The Pelvic Girdle
The pelvic girdle is found around the waist in mammals. It consists of two halves which are joined to each other ventrally and to the sacrum dorsally. The line of fusion of the two halves is called pubis symphysis. Each half is called innominate bone. Each half is made up of three bones which are (i) ilium (ii) ischium and (iii) pubis. They are fused together. At the top is the ilium which is the largest and the longest of the three bones. At the lower end are the fused bones-ischium and pubis. The ischium and pubis enclose an opening or a hole called obturator foramen. It is through this hole that nerves, blood vessels and muscles pass. On the other surface of each half of the girdle where the three bones meet, there is a deep hollow or depression called acetabulum where the head of the femur of the hind limb fits to form the hip joint, an example of ball and socket joint.
The Limbs
The limbs are made up of the fore limbs (bones of the hands) and the hind limbs (bones of the legs). The limbs of most vertebrates are built on the same basic plan, i.e., pentadactyl limb plan (5-digit plan). It is made up of a long bone followed by a pair of two long bones which lie side by side.
The pair of these long bones is followed by a set of nine small bones which are arranged in three rows. The nine small bones are followed by five digits. Each digit is made up of small bones called phalanges. The diagram shows a generalised fore and hind pentadactyl limbs including the names of the corresponding parts.
The Fore Limb
The fore limb of mammal (Fig. 2.34), e.g. rabbit is made up of an upper arm bone which is a long bone called humerus (Fig 2.34). It has a rounded head which fits and articulates with the glenoid cavity of the scapula of the pectoral girdle of the shoulder joint.
The lower ends of the humerus end in a grooved-pulley-like surface called trochlea. At the trochlea, the humerus articulates with radius and ulna to form the elbow joint.
The humerus is followed by the bones of the fore-arm. The fore arm bones are the radius and ulna. The radius is a long bone. It lies in front of the ulna and is slightly curved. The ulna is longer than the radius. It has a cavity called sigmoid cavity. The trochlea of the humerus fits into this cavity. The ulna also projects backwards to form a projection called olecranon process.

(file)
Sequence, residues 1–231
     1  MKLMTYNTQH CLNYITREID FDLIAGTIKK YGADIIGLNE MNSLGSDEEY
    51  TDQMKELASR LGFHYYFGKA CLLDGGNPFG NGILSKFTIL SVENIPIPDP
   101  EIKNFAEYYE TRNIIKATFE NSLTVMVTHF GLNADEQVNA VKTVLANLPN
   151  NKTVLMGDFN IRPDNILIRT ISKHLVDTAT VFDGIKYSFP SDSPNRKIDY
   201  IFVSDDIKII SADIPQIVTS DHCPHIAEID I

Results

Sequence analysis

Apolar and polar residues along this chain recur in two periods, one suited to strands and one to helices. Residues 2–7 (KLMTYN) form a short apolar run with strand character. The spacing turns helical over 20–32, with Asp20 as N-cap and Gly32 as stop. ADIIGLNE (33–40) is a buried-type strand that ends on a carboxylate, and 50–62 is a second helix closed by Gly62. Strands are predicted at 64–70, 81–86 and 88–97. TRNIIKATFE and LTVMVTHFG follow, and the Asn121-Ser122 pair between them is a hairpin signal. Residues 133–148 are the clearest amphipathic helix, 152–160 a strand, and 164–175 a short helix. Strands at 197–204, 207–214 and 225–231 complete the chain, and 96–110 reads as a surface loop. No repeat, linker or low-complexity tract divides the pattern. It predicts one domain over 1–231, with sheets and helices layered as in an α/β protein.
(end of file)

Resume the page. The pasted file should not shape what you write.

The radius/ulna bone is followed by bones of the wrists which are made of nine small bones arranged in three rows. These bones are called carpals. Proximally (in front), the carpals articulate with radius-ulna and dixtally with the bones of the digits. The wrist bones are followed by bones of the digits. The digit bones are five and they are called metacarpals. In man, the metacarpals are called fingers, they are referred to as phalanges. In man, each digit has three phalanges with the exception of the thumb which has two phalanges. In rabbit, the phalanges end in claws.
The Hind Limb
The hind limb of mammal (Fig. 2.36) e.g. rabbit is made up of the thigh bone called the femur (Fig 2.37). The femur is the largest and the strongest bone in the body. It is rounded at the proximal end to form a head which fits into the acetabulum of the pelvic girdle to form a hip joint. Very close to the head of the femur are three projections called trochanters. They are important for the attachment of muscles. At the distal end of the femur are two rounded nob called condyles. They articulate with tibia bon In-between the two condyles is a pulley-lik hoof. The shank is made up of two bones calle tibia and fibula but are fused in rabbit to form
The Ribs


The ribs are long semi-circular rods connecting the thoracic vertebrae to the breastbone (sternum) (Fig. 2.38a). It is found in the chest region of mammals. There are of thirteen pairs of ribs in rabbit. The bony cage formed by ribs protects the lungs and heart. It also assists in breathing.

A typical rib consists of a head (which fits between successive thoracic vertebrae), a neck and the main part, the shaft (Fig. 2.38b).

Each rib articulates with the thoracic vertebrae by two processes: the capitulum which articulates with facets of the centre of two nearby vertebrae and the tuberculum (tubercle) which articulates with a transverse process.

The first seven pairs of ribs are called the true ribs because they are connected directly with

The sternum in front (ventrally) by costal cartilages. The next five pairs of ribs are called false ribs because the eighth, ninth and tenth pair of ribs have a common connection with the sternum, each being attached to the costal cartilage of the rib above. The eleventh and twelfth and thirteeth pair are called floating ribs because they have no connection whatsoever with the sternum.

Functions of the Skeletal System The skeletal system of farm animals perform the following functions:

It gives supports and rigidity to the body.

It protects some vital organs of the body e.g the skull protects the brain, the vertebral column protects the spinal cord, the eye is protected by the sockets.

The skeletal system is used for movement i.e locomotion of animals from one place to another.

The bone marrow helps in the formation of red blood cells which helps to transport oxygen.

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